I voted no. Because I don't have as sweaty hands, or do hard routes, and I don't like the look on rock. My no means that I hardly ever use it.

rhinckle
31/03/2005
3:15:42 PM
i've been using the same chalk ball since 1997, without a refill.
i usually forget to use it, after initially chalking up, realizing i haven't tied in, ending up with it on the rope, and off i go, oblivious of the chalk bag, apart from when i need a bolt plate..

i'm not offended by chalk.
i like it when i find a bit when i'm wondering if i'm on route or not.
i like seeing it on bluestone walls and knowing that someone's been there.
it's the climbing version of dog piss.
if you don't like white marks on rock, what are you going to do about falcons and other cliff nesting birds.

has anyone ever climbed with riggers gloves?
i was scoping some rock one cold morning and thought bugger it i'll give it a go.
felt good.
the leather doesn't sweat & isn't greasy.
fingers have enough friction on the inside of the glove
there's still good rock feel.
worried that the gloves would pop off, but that didn't happen, wouldn't have mattered as i was on toprope w/- grigri.

adski
31/03/2005
4:07:09 PM
I am against ticks. These bloodsucking parasites drain my onsight attempts of their lifeblood.

cruze
31/03/2005
4:15:42 PM
Until such time as I am strong enough to climb exclusively on overhanging terrain I make no bones about the fact that I am a chalkaholic and proud of it.

Long live the mighty white!

IdratherbeclimbingM9
31/03/2005
4:32:24 PM
Chalk was originally intended for the fingers/hands to improve friction not for ticking stone, so I am with adski on this.

Like rhinckle I use it sparingly and have just refilled my chalkball for the 3rd time since chalk became commonly used in Australia, (late 80's??).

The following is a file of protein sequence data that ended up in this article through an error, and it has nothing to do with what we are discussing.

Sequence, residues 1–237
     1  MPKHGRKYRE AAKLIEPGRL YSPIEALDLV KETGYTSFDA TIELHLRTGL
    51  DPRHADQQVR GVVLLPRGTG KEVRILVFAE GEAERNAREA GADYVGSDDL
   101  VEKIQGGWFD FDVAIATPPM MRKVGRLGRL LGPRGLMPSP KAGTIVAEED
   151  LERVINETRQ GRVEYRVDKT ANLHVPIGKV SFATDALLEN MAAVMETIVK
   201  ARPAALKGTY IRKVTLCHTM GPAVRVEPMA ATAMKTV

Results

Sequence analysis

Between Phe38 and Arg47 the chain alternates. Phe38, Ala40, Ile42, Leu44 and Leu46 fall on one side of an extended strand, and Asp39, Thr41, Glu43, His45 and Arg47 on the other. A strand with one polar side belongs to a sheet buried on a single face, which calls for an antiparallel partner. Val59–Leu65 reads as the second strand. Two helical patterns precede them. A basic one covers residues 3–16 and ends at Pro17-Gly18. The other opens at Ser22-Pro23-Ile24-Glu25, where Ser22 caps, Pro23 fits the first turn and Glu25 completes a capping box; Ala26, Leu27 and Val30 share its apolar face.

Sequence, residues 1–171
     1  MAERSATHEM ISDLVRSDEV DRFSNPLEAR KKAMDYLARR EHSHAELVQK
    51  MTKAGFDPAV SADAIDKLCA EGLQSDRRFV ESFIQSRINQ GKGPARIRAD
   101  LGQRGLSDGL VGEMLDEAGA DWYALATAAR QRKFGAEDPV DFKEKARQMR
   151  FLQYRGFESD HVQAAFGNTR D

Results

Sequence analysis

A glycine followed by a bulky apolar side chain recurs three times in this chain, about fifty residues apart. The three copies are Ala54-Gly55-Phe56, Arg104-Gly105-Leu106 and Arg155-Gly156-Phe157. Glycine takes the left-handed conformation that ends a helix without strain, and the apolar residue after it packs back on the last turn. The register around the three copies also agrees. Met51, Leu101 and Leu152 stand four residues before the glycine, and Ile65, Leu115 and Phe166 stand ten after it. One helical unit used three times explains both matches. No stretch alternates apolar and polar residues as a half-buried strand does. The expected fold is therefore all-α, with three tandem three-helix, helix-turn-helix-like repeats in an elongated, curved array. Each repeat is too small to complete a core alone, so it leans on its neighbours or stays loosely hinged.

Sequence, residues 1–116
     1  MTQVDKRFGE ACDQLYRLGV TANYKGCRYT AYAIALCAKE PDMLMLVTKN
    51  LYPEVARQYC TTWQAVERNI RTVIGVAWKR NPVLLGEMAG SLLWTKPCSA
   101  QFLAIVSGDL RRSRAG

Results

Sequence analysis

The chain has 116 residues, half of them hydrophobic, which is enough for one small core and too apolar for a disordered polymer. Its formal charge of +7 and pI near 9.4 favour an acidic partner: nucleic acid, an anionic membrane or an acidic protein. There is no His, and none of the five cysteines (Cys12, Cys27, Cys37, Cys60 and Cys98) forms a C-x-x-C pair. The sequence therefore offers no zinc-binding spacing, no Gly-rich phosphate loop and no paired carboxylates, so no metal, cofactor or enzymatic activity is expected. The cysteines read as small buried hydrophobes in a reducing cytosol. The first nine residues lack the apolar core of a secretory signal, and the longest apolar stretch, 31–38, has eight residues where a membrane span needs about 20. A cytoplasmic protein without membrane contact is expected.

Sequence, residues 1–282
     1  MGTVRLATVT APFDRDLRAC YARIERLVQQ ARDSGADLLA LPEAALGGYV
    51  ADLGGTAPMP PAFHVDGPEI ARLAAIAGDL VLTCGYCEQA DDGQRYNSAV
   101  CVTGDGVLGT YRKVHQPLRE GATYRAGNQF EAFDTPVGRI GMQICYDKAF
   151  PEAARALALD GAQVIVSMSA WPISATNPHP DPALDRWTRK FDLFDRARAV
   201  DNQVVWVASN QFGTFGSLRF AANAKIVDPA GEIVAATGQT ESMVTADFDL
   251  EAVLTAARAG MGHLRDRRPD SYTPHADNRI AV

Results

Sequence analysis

Like oweng I only use it on less than (or) vertical surfaces, where it will get rained off. I never use it when aid climbing.

>has anyone ever climbed with riggers gloves?
Yes, and I did not like them due to being too insensitive.

I do however use fingerless riggers gloves while aiding (generally) and still pull the odd free move (handjam etc) with them. They are OK for infrequent moves like this but when I went out on a hot day to thrash my way up an handjam-to-offwidth type route I found that my hands sweated so much inside them they crept/slid and made the climbing harder due to less grip.

I don't enjoy climbing through chalk marked sequences, or for that matter through bird poop or bat guano!
The mental component of working out the moves is an integral part (preferred) of the experience for me.

gordoste
31/03/2005
5:11:01 PM
i also only use it rarely, and agree with most of the comments offered so far. it really does spoil the look of a cliff - e.g. Tannin, the Gallery, etc. I also think it's fairly unnecessary on anything under grade 20.

Nick Kaz
31/03/2005
5:15:47 PM
On 31/03/2005 M8iswhereitsat wrote:
>Chalk was originally intended for the fingers/hands to improve friction
>not for ticking stone, so I am with adski on this.

Adski is an old prune.

sabu
31/03/2005
5:17:24 PM
i only use it on indoor climbs, i hav recently stopped using it on outdoor routes as i hav seen it's affect of dot to dot scarring, ther itsn't a real need for it to be used on rock. chalk just makes the cliff ugly and the holds slimey and bad.